The Couch is Just for Talking in Linda Humphries’ Sex Therapy Practice

Intimate Discussions



Scott Holstein

She’s a talk therapist with an advanced degree in the thing that most people don’t talk about — sex.

Like the world’s most famous sex therapist, “Dr. Ruth” Westheimer, Tallahassee’s Linda Humphries is a cheerful, matronly sort with a ready laugh who disconcertingly and matter-of-factly uses anatomically correct words when describing people’s private parts and very private activities.

Sitting in an overstuffed chair in her sunny Park Avenue office, the 60-year-old therapist shared information with Tallahassee Magazine editor Rosanne Dunkelberger that she has gleaned over her 35 years of counseling, including more than 20 years locally specializing in sexual matters.

While she’s open-minded and non-judgmental, when it comes to casual sexual encounters, Humphries offers advice that seems downright old-fashioned.

In addition to her private counseling practice, Humphries offers PG-rated advice on her blog featured on the tallahassee.com website. A more frank version of her blog appears on her personal website, drlindahumphries.com.

I started off just as a regular therapist. As a social worker, I was taught to look at everything: “How’s your job? How’s your relationship with your family?” — everything, including the sex part. I would ask and people would say, “You know, I don’t know what’s wrong with me, but I just don’t have an interest in sex anymore” or “I don’t know what’s happened, but I just can’t get it up anymore.”

When you go to regular school for counseling, they only have maybe one or two courses in sexuality. I started taking classes and more classes until finally I had so many classes I figured I just might as well get a degree in this. So that’s my higher degree, a doctorate in human sexuality.

I can do regular therapy. I can do sex therapy. I can do a combination, which is a lot of times what it turns out to be. Very seldom do you have people coming in for just the sex where it doesn’t affect any other part of their life.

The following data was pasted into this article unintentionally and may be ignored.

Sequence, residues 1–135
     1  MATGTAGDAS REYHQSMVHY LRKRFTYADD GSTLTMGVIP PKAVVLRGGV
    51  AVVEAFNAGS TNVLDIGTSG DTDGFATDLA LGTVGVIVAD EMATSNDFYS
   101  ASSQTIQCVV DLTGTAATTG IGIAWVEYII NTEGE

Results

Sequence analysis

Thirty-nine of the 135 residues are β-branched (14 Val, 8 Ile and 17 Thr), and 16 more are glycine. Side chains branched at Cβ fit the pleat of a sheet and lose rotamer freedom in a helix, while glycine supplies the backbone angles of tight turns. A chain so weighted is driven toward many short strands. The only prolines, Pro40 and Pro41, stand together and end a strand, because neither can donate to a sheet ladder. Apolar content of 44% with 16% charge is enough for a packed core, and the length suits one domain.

Most people come in thinking they’re the only ones having sexual issues. A lot of couples will come in and say, “We know we’re the only one in our group that doesn’t have sex hardly ever at all,” and I’m thinking to myself, “You really just don’t know.”

For women, low sexual desire is way out front more than anything else they come in for. No. 2 are orgasm issues, such as “I’ve never had an orgasm. I’d like to have more orgasms. I don’t know if I’ve had an orgasm. My boyfriend tells me I should have more orgasms.” No. 3 is pain. Dryness or something’s wrong or they have back issues and they don’t know how to have sex without pain.

For men, it used to be always No. 1 was erectile dysfunction, for as long as I’ve been doing this, but now the top contender with ED is sexual addiction problems. When people are having financial stresses like they have been now, their addictions are more prominent. As the recession came, there are more people coming in with addictive behaviors. There are more people drinking, taking drugs, doing all kinds of stuff, including the sexual addictions, because they’re so stressed out.

There’s a very high rate of kids doing sexual things other than just straight intercourse and considering it not to be sex. I would say that it is sex. When I talk to them, I say, “You want to think about what you’re doing and what kind of sexual activity you’re having with people. Are you putting the cart before the horse when you have sex with them before you really know them?” There’s an emotional price to pay, especially for women and girls. Women get very much connected to the person they’re having sex with a lot more than what some men do.

People who are sexually connected to each other are happier and they’re healthier. Scads of studies show that. It’s about the connection and also the physical release, and it’s also good exercise. But mostly it’s about the deeper connection.

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